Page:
Talk to a Depression Specialist continued...
One key to knowing whether you are taking the right drug, Gaynes says, is to make sure you’re getting a strong enough dose.
“Under dosing,” he says, “may be a bigger problem than which drug you choose,” says Gaines. “Primary care physicians are more likely to under dose out of caution or lack of familiarity with a drug.” A psychiatrist can look at the drug you’re taking and let you know whether the dose you’ve been prescribed is adequate for treating your depression.
Check on Underlying Issues That May Interfere With Antidepressants
Some people may have underlying issues such as panic disorder or anxiety that need to be addressed before an antidepressant can work well. (Both jitteriness and anxiety can be side effects of antidepressants.)
“Most people can ride out the first few days and the symptoms go away -- they feel calmer, and the frequency of panic attacks goes down. But for some people, the side effect of increased anxiety gets worse and continues to build,” says Jonathan E. Alpert, MD, PhD, clinical director of psychiatry at Massachusetts General Hospital in Boston. They need treatment for anxiety as well as depression. Some antidepressants are approved to treat both conditions. Doctors may also prescribe one medicine for the depression and a second medicine for anxiety.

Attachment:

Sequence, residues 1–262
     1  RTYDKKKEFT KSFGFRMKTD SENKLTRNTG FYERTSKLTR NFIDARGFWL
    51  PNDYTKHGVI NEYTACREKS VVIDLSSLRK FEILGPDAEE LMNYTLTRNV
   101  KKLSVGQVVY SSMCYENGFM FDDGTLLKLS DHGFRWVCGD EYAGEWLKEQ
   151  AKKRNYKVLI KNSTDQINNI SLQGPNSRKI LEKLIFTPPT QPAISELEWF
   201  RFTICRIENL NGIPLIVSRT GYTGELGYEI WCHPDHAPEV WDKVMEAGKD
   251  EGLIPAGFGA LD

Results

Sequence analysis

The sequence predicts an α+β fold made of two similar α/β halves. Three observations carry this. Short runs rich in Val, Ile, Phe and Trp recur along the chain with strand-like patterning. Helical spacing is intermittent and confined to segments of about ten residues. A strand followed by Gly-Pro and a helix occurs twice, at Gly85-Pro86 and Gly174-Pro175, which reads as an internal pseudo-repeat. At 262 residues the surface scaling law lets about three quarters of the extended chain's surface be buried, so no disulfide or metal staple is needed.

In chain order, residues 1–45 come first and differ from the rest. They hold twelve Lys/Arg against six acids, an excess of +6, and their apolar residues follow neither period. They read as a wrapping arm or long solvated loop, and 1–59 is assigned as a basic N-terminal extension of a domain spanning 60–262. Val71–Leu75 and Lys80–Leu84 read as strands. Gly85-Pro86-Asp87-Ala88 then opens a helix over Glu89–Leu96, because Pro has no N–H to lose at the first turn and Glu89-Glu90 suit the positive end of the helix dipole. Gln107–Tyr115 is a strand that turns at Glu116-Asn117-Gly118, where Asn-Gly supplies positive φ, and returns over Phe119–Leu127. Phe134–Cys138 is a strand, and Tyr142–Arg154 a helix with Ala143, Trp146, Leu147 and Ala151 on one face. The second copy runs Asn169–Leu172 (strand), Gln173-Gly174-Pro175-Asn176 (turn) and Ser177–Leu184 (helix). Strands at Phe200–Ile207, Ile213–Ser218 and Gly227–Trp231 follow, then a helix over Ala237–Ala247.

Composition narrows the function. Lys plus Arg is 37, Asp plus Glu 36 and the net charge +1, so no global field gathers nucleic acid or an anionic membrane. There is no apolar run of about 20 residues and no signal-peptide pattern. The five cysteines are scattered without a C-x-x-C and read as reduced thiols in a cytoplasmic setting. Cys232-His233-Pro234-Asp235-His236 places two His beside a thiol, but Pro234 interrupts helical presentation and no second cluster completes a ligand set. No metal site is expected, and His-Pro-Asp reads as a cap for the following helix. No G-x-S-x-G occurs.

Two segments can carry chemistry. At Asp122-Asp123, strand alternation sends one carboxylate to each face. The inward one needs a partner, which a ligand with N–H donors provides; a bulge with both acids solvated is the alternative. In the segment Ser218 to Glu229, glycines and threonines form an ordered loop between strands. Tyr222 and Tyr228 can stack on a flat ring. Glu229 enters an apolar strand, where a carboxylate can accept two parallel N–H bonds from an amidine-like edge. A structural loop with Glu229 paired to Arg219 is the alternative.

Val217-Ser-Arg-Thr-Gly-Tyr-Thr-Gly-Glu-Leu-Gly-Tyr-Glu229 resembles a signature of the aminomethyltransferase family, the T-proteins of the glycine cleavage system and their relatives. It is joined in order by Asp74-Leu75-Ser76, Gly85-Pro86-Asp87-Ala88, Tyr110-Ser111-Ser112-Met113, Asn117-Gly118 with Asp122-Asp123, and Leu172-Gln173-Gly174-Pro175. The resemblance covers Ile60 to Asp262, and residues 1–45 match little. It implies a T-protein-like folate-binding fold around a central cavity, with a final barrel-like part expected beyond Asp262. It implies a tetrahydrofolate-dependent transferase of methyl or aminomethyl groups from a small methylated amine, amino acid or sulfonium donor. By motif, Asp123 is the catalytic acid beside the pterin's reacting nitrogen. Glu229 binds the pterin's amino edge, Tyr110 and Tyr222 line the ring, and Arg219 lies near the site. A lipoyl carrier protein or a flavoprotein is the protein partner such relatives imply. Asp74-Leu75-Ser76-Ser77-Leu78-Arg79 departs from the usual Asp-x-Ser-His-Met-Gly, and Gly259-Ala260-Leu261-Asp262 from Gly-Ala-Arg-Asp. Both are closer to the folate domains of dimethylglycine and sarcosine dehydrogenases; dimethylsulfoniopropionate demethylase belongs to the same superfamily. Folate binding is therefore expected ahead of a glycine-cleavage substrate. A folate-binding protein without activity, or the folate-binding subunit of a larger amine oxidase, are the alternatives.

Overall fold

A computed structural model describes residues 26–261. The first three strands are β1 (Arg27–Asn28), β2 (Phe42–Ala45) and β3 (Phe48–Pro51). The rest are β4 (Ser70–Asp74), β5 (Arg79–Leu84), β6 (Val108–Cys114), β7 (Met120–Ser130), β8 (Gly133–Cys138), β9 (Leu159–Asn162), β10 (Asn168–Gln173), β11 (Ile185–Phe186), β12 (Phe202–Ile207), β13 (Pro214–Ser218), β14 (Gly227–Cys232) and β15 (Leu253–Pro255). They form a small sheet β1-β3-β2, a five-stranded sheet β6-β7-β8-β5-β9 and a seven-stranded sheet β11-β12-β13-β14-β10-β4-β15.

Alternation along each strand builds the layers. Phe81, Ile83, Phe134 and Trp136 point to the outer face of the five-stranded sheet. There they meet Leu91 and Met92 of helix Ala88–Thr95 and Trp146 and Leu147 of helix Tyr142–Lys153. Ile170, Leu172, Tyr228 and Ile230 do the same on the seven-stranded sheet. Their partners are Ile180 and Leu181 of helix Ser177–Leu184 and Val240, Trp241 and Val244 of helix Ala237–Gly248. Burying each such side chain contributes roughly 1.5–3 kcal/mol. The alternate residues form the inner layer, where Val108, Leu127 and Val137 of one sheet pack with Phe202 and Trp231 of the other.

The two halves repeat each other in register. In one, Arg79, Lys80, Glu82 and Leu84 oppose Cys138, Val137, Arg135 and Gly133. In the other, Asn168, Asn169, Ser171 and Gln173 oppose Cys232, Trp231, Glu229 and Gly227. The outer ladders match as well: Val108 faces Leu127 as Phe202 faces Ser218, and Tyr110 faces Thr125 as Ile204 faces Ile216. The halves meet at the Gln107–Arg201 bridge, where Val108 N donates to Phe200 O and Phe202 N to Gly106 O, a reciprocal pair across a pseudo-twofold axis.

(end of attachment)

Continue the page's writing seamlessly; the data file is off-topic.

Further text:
It’s also possible that person was misdiagnosed, and actually has bipolar disorder. “In these patients, the antidepressant can trigger manic symptoms,” Alpert says. In these cases, prescribing a more appropriate antipsychotic medication will significantly improve treatment.
Look Closely at Your Habits and Moods
Sometimes a drug’s benefits seem to wane after a long period in which it has effectively relieved symptoms of depression. Psychiatrists call it “Prozac poop-out.”
But according to Gaynes, such episodes frequently have an external cause. Alcohol or drug use could be interfering with the medication’s effectiveness. Or the dose may not be high enough.
Then, too, symptoms can intensify with the ebbs and flows of day-to-day life. Some people ask for a stronger dose of the medication they’re taking to master the darkening moods. But for many, a few months of cognitive or talk therapy is often the best way to regain equilibrium.